Friends, The new Alliance Alert Daily Digest is finally here! You can subscribe to the daily e-mail here: Subscribe to our mailing list * indicates required Email Address * First Name * Last Name *
The Guardian: Raif Badawi, the Saudi blogger who was sentenced to a decade in prison and 1,000 lashes for insulting Islam, now faces being beheaded for renouncing the religion, his family have said.
Associated Press: The planned flogging of a Saudi blogger convicted of insulting Islam has been delayed for a second straight week, a leading international rights group said Thursday, a move that comes amid mounting pressure from Saudi Arabia’s Western allies for authorities to cancel the punishment.
The Wall Street Journal: The flogging of a writer convicted of insulting Islam has renewed debate over corporal punishment in Saudi Arabia at a time the ultraconservative country is trying to distance itself from extremist movements such as Islamic State.
Huffington Post: Seven religious freedom advocates have offered to personally receive 100 lashes each in the place of Raif Badawi, a liberal Saudi blogger sentenced to 1,000 lashes and 10 years in prison for “insulting Islam through electronic channels.”
The great wall of Saudi Arabia: Royal family constructing 600-mile barrier on Iraqi border to keep ISIS militants out
The Christian Post: In response to the growing threat posed by the Islamic State terrorist group, the royal family of Saudi Arabia is having a 600-mile barrier constructed to completely block the Iraqi portion of the Saudi northern border, hoping to prevent ISIS militants from infiltrating the kingdom.
AL Monitor: The injustices of the Saudi justice system came to the forefront twice in one week. Lashing liberal blogger Raif Badawi and publicly beheading a woman convicted of murdering her stepdaughter were carried out in the name of Islam by a regime that is so desperate to flaunt its Islamic credentials now that there are other emerging so-called Islamic states around the region. The regime has cooperated with the international alliance against the Islamic State (IS), but while adopting IS’ mode of punishment.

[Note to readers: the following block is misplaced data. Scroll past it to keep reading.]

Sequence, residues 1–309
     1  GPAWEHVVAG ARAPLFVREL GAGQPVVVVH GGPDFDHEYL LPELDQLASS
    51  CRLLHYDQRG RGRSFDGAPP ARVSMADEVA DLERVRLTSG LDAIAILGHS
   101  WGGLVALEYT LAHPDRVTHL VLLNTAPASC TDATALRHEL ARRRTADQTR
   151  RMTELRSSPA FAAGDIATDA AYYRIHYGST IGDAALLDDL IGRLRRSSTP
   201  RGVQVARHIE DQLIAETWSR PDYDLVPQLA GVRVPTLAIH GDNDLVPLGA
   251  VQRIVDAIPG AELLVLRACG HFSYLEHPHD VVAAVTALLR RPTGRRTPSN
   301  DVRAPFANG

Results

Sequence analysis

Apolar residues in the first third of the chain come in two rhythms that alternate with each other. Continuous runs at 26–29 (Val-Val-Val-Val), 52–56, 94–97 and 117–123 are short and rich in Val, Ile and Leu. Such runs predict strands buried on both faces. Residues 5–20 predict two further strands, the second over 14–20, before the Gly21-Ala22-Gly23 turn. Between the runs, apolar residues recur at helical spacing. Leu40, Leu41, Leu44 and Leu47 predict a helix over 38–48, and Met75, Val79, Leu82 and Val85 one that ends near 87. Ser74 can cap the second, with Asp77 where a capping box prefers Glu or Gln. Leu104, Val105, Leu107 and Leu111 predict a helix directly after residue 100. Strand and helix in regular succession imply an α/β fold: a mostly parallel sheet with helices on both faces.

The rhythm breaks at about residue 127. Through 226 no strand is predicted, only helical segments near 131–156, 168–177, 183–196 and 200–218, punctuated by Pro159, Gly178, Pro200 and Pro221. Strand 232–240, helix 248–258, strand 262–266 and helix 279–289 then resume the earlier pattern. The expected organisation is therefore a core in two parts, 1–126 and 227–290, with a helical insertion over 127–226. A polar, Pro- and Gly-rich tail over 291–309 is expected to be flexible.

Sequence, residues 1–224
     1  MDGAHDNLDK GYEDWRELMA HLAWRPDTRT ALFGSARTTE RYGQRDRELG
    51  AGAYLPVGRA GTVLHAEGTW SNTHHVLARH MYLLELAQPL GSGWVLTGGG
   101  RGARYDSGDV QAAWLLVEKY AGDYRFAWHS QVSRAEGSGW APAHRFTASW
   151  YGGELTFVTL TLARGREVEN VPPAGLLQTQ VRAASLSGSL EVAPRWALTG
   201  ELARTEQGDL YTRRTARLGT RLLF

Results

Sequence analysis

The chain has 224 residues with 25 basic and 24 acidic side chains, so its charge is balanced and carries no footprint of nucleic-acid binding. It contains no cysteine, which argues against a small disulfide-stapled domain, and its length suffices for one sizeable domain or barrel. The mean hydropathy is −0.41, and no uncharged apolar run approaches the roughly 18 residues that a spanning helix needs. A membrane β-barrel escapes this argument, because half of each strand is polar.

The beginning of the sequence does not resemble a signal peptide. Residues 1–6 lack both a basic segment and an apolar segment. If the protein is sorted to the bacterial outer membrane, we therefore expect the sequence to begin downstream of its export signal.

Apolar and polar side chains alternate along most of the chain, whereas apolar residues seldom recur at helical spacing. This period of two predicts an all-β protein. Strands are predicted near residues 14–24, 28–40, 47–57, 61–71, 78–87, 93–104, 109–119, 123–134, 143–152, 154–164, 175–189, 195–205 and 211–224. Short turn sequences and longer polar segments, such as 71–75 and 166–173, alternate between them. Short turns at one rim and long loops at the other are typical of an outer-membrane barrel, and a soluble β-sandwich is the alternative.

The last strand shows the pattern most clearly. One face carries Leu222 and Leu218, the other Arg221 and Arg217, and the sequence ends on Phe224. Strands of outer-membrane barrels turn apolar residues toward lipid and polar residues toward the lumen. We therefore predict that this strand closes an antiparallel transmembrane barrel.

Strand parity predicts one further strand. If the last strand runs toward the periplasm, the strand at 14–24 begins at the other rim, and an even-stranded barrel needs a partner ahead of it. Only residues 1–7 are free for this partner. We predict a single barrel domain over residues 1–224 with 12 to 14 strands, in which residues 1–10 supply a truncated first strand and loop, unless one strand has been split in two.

Christian News Network: Recent reports state that officials in the Islamic country of Saudi Arabia have passed a law that may impose the death penalty on Bible smugglers and any others distributing religious materials that are not of the Muslim religion.
The Washington Post: A Saudi court on Monday upheld a 10-year jail sentence and 1,000 lashes against Raef Badawi, founder of a liberal human rights group, for insulting Islam, an activist said.
CNN: Since 1999, the U.S. State Department has tracked the world’s worst abusers of religious rights. As the most recent report notes, it has never lacked for material. Persecutions of people of faith are rising across the globe.
CNSNews: The top ten countries for persecuting Christians over the last year were: North Korea, Somalia, Syria, Iraq, Afghanistan, Saudi Arabia, Maldives, Pakistan, Iran and Yemen.
WorldNetDaily: Atrocities by Syrian jihadist rebels have reached sensational new levels, according to a revered nun working with persecuted Christians and an explosive new video report. Sister Hatune Dogan told WND in a Skype interview that members of the Syrian opposition are draining the blood of Christians they behead and selling vials to Islamic radicals for $100,000 a piece.
CNSNews: Although the U.S. State Department recently singled out Russia by name to criticize its law prohibiting homosexual propaganda aimed at youth, the same State Department refused to comment on Saudi Arabia where homosexual conduct is punishable by death.
Fox News: China, Russia, Saudi Arabia and Vietnam are among the nations running unopposed for seats on the Human Rights Council, the U.N.’s highest rights watchdog body, a prospect that has independent human rights groups crying foul.
Religion Clause Blog: Yesterday Saudi Arabia freed 24-year-old Hamza Kashgari after he served 20 months in prison over a series of Tweets he posted expressing conflicting feelings about the Prophet Muhammad. After threats from religious conservatives over the Tweets when they appeared, Kashgari had fled the country. However he was extradited by Malaysian authorities when Saudi King Abdullah bin Abdulaziz al Saud ordered his arrest.
AP: A Saudi Arabian court sentenced a prominent lawyer to three months in prison on Tuesday, a rights group said, while the same day a Saudi writer was released from jail after being investigated for blasphemy.